“I believe AI will free us from menial, repetitive tasks,” says Etienne Mérineau, the co-founder of the bot-building company, Heyday.AI. “People will be able to focus on what makes them feel fulfilled: creative work, critical thinking, complex decision-making, and emotional intelligence … AI will help us rebalance our lives by spending less time on unfulfilling work and more time at home, and with friends and family.” In this way, AI could be seen as a way to enhance our humanity, rather than replace it.
However, his argument is missing a piece: What happens if a large amount of jobs are automated, but more fulfilling, human-centric jobs haven’t been created yet? Without adequate preparation, the potential for a large-scale emotional depression is still there.
Thankfully, Havens doesn’t think companies will let their offices become overrun by robots. Instead, he predicts businesses will develop ethical stances on job automation. As he puts it, “Ethics will be the new green.”
Just as it became trendy for brands to be environmentally sustainable, it’s now equally as important for them to consider how they will ethically integrate AI into their workforce.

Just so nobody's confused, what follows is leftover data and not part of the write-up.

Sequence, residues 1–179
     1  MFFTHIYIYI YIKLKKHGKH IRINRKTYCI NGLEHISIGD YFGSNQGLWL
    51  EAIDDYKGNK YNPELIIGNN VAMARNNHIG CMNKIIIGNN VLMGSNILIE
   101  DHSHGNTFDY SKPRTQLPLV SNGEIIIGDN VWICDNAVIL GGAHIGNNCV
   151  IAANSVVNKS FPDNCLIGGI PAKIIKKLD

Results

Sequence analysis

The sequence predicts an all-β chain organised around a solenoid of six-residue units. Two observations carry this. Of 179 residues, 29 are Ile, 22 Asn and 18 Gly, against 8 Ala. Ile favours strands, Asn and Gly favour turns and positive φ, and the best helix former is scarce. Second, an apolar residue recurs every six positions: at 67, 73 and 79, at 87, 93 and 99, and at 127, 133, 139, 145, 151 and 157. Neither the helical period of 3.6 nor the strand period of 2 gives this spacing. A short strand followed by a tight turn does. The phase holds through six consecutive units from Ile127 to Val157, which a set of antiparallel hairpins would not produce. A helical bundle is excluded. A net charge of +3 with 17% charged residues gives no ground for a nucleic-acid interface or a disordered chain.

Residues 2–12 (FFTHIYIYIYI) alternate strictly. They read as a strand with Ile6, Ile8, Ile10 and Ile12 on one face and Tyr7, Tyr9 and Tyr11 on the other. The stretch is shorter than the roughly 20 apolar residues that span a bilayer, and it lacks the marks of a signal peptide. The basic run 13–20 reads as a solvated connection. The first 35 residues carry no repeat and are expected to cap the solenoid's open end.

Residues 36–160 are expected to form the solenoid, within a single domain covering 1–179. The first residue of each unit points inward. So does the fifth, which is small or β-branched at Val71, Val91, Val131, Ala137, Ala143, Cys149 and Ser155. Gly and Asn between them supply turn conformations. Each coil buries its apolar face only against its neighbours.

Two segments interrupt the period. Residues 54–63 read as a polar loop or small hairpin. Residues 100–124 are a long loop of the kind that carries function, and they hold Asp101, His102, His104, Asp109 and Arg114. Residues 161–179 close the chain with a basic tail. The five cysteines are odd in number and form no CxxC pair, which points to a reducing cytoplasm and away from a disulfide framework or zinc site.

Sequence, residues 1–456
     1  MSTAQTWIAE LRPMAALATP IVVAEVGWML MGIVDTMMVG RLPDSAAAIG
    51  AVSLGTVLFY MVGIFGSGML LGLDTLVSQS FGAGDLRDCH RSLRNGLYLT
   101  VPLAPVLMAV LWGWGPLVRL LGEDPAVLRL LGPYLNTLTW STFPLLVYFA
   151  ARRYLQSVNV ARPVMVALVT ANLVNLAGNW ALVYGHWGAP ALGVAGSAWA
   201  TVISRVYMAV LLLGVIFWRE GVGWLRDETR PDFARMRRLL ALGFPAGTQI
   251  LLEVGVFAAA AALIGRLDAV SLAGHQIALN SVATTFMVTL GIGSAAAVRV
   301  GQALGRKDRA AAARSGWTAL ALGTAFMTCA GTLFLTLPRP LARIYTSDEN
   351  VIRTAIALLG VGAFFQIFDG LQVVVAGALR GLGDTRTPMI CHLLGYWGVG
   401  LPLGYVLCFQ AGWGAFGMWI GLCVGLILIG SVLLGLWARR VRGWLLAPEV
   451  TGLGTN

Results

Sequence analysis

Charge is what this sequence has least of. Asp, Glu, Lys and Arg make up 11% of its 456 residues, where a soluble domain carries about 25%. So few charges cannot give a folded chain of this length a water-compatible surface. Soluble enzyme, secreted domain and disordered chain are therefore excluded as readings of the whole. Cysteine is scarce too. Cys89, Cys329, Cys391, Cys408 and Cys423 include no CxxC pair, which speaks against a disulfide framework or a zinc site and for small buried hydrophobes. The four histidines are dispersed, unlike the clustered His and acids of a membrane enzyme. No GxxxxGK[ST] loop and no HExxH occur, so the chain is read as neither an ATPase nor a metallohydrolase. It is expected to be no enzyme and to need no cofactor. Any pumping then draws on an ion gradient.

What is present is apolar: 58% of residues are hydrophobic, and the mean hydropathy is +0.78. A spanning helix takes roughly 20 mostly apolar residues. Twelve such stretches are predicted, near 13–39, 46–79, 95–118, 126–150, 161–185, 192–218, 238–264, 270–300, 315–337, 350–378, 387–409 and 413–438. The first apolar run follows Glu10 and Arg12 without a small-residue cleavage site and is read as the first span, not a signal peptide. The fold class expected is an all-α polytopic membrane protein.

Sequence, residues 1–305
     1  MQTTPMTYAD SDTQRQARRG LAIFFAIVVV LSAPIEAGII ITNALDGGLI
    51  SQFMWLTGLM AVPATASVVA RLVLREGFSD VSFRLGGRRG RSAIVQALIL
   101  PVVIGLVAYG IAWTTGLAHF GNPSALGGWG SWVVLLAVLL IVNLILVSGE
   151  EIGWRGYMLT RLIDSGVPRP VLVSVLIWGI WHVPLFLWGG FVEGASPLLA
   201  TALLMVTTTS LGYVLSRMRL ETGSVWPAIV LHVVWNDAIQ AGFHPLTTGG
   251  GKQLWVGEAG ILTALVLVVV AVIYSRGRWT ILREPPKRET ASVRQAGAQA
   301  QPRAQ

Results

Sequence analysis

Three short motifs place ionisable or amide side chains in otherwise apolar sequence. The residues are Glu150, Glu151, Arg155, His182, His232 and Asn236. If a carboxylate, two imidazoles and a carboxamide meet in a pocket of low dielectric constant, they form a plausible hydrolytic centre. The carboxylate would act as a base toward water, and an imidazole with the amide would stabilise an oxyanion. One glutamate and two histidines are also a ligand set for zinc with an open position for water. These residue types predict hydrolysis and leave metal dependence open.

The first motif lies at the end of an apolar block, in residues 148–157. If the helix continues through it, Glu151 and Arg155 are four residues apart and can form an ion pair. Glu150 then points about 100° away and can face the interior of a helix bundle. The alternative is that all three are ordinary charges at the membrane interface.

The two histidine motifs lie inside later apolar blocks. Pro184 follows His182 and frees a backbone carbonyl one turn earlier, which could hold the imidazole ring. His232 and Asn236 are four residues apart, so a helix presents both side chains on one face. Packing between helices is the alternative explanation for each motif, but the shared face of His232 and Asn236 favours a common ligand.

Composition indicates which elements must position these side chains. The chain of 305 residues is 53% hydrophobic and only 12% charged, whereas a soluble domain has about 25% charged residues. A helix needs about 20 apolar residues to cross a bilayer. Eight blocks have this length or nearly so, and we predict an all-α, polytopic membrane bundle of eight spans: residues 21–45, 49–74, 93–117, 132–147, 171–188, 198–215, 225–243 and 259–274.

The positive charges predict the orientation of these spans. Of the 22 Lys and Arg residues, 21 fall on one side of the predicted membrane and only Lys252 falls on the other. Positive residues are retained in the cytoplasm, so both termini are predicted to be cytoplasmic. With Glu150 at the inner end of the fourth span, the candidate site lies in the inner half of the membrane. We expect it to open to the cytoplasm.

“We’re at the point where the sustainability question is about people,” Havens says. “Companies need to get together at the C-suite level and start analyzing the bigger picture for how their organization’s going to run over the next two to 10 years.” Without this intentionality, they might accidentally automate people out of their jobs—and cause mass emotional disarray as a result.
If job automation continues unchecked, a lot of people will be left without jobs—and without purpose. As a result, it’s crucial for companies to consider how AI will not only impact their bottom line, but also their employees’ mental health. As Leberecht says, “Now is the time to prepare for the looming mental-health crisis before we find ourselves in the midst of a historic mass-depression, with large parts of the population isolated, social contracts eroding, and our democratic societies at risk.”